There are a couple of players worthy of mention. Probably the most familiar name in the squad is that of former Watford, Man Utd and, amongst others, Burnley midfielder Chris Eagles. Stanley are Eagles’ fifth club in as many years. He left Bolton in 2014 and went over to Blackpool who, as I have mentioned, ae a bit of a “special needs” case at the moment. So he went to Charlton who are scarcely much better. So he returned north to Bury. With 7 league appearances for Blackpool and 8 for Charlton he would probably have preferred to have gotten more than 4 appearances for Bury under his belt for Bury last term. He’s already matched that for Stanley this term so maybe he’s beginning to settle down a bit after a nomadic few years.

Top scorer at the moment is Billy Kee, who has 3 goals this season so far. Kee has a proper football name – his middle name is Rodney for pete’s sake – and he is also what you might call well-travelled. He started his career at Leicester, though first team selection proved beyond him. This period was punctuated by a loan spell with Stanley before taking in Torquay, Burton, Scunthorpe and Mansfield (loan). He returned to Stanley last season. He was capped by Northern Ireland at age levels and actually made the full squad back in 2009. However, he failed to get any game time and remains uncapped as a result.

And what of us? “Oh dear” just about sums it up. After the Watford debacle the rest home arranged a trip over to our sister establishment in Malta, the theory being that a week in the sun at the Dom Mintoff Facility For The Frankly Quite Bonkers would help banish all the waking up screaming in the middle of the night as we relived the Collins-Adrian comedy moment. And it did. To a degree. However, the problems started on our arrival back at Gatwick. I sailed through the automatic terminal thing only to be subjected to a further check on the grounds that since the machine had positively identified me I must look sufficiently like my passport photo to cause great doubt as to my identity on the grounds that nobody actually looks like their passport photo. By the time the carbon dating results had come through we were one down to a daft penalty. By the time we had reached the “Happy Bus” in the long stay car park we were two down and the third went in just after we hung matron out of the window holding a wire coat hanger to help reception on the radio.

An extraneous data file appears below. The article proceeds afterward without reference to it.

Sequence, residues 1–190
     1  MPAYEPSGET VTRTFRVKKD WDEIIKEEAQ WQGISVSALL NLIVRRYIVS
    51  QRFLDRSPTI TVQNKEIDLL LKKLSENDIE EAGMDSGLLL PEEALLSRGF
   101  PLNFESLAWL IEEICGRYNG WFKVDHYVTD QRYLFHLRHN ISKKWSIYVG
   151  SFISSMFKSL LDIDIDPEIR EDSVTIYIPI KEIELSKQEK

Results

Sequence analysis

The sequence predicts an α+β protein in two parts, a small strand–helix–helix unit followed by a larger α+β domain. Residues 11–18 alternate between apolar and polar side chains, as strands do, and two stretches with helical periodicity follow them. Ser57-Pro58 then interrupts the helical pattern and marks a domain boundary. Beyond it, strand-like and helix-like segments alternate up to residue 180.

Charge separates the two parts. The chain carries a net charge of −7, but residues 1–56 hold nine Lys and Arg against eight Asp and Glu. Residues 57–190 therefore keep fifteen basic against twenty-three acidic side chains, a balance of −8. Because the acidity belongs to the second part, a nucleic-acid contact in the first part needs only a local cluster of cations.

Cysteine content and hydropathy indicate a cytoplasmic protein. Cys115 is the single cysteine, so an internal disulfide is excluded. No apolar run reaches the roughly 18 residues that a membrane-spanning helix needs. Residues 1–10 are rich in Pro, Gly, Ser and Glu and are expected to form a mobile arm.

Ok so we won the second half but the last time I looked matches lasted 90 minutes plus however long it takes Man Utd to equalise, and if you don’t do a decent job over the majority of that time you stand about as much chance as a beetle in a blast furnace of emerging through the period unscathed. Yes injuries, yes match fitness but the bottom line is that the players must cut out all the mind-bogglingly stupid errors that they are making at the moment. At times they made the aforementioned beetle’s decision to enter a blast-furnace look positively sensible. It’s too early to talk about the “R” word, unless you are Stoke of course, but I don’t want to be sat here in a few weeks’ time having to look at other teams’ results.

A mixture of injuries (no return dates for Byram and Reid, October for Carroll, Sakho and Cresswell and November for Ayew ) and restings will probably mean that there will be changes for this – it is the League Cup after all. If I were me I’d tell the side that messed-up so badly on Saturday to get out there and not come back in until they have won. But I suppose with several struggling to last 90 minutes at the moment we’ll have to see the changes rung. It will be an ideal match in which to introduce Alvaro Arbeola who has been working on his fitness since his arrival as the window shut. Whoever plays right back will need some sort of protection over on that side where those playing in front of the right back position haven’t always been the most diligent in tracking back when we have lost the ball – which has been far too often.